|File information||File dimensions||File size||Options|
Original JPEG File
2448 × 1836 pixels (4.49 MP)
8.2 in × 6.1 in @ 300 PPI
Website and Low resolution print
2000 × 1500 pixels (3 MP)
6.7 in × 5 in @ 300 PPI
850 × 638 pixels (0.54 MP)
2.8 in × 2.1 in @ 300 PPI
Jawanda Clemence (foreground).The names of the women around him are not known.
Date photo taken
13 September 2021
Score Against Poverty
Country of origin
Photo courtesy of Score Against Poverty
Food, Peace and justice
After entering the Men Can Cook competition, Jawanda Clemence discovered a love of cooking. Now he helps train new competitors and has developed a number of his own recipes. Here he is teaching a recipe for mashed lablab to a group of women. At the time this photo was taken, COVID-19 measures in Zimbabwe only included a recommendation for mask use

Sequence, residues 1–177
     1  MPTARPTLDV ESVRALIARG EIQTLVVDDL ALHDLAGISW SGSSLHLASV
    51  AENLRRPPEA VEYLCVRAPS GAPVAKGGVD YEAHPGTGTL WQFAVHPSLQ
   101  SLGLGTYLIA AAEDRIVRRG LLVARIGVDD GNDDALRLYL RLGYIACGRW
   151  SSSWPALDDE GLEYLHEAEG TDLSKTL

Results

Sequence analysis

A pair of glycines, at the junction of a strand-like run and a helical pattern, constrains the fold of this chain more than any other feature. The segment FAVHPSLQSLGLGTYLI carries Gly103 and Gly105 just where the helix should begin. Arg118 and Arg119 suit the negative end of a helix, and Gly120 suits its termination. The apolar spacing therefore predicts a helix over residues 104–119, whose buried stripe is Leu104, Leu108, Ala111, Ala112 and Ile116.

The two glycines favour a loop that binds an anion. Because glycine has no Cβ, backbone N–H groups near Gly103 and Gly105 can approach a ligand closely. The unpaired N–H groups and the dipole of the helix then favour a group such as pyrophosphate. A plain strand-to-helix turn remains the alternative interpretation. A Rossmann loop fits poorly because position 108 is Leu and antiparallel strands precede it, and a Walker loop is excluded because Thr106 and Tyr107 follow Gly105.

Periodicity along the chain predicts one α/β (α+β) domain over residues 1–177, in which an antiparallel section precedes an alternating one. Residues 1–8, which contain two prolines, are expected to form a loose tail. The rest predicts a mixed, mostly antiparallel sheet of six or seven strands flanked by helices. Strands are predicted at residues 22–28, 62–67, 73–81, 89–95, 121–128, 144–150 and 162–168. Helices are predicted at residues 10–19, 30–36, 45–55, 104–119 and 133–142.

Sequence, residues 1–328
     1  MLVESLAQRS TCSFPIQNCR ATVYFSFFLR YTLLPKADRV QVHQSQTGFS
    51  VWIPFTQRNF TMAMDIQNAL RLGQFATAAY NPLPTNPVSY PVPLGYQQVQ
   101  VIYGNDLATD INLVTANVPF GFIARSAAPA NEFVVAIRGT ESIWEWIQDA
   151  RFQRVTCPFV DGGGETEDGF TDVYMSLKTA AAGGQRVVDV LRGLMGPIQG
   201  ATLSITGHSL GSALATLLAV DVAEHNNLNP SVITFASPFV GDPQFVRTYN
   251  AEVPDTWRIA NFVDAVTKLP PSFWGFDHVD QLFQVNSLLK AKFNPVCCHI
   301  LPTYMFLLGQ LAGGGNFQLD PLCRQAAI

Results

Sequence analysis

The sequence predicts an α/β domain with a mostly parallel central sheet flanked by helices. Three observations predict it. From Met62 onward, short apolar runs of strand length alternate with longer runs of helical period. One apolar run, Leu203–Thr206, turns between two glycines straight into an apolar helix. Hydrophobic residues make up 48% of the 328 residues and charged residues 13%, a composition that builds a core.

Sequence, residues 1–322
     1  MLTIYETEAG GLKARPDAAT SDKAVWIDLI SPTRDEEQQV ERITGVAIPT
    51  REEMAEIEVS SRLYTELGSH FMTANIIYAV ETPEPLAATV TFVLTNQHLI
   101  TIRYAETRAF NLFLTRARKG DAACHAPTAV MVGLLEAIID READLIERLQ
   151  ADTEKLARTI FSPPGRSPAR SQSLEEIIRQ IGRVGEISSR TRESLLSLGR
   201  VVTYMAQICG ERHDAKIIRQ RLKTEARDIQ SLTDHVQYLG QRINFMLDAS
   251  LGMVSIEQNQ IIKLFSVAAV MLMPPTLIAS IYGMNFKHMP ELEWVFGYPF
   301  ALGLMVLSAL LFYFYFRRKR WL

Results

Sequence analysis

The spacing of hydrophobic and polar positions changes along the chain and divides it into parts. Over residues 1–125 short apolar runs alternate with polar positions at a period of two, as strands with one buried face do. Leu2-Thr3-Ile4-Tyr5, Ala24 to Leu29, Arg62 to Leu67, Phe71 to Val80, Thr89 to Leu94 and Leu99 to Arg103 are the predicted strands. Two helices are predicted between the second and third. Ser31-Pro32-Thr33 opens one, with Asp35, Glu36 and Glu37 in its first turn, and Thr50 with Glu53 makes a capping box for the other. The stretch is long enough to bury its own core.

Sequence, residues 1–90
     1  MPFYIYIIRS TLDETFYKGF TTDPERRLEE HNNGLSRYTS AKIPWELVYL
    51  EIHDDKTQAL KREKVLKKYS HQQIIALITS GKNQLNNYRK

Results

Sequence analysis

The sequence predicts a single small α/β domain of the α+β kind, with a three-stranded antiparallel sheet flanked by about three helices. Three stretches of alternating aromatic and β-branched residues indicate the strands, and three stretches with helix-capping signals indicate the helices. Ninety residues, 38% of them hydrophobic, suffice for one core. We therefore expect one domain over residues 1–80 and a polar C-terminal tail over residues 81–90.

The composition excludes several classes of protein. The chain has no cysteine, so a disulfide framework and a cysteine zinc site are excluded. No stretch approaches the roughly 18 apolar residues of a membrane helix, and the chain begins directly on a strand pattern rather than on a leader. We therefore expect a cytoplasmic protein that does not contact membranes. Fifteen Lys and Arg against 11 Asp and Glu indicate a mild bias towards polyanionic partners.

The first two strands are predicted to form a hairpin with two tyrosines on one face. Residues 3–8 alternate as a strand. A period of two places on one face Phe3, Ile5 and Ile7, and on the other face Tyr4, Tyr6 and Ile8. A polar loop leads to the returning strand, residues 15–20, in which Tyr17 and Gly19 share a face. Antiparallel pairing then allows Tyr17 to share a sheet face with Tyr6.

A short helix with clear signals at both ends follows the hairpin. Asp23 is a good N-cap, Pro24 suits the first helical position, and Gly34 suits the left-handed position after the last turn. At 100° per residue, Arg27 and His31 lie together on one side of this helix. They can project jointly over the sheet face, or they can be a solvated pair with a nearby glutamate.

Exact date of the photo is not known.
It was easy for me to approach my wife for help with cooking, but what was difficult was for my wife to teach me during the day when everyone can see, says Jawanda Clemence, a participant in the first competition. So I opted to learn at night. My wife would teach me when kids had gone to bed. I was afraid of being shamed by other men in the village.
I wanted to laugh at my friends that were really showing an eagerness to participate, says Clemence. In my family, no man cooks. You marry for your wife to cook for you. What SCORE was talking about was just beyond my imagination.
This project seeks to scale up intercropping systems for improved food, seed and livelihoods security and women empowerment. The impact of climate change on food security is going to be addressed through careful selection of intercropping systems and locally produced seeds that are climate-proof.
The project is located in six wards of Mwenezi district, Masvingo province, Zimbabwe.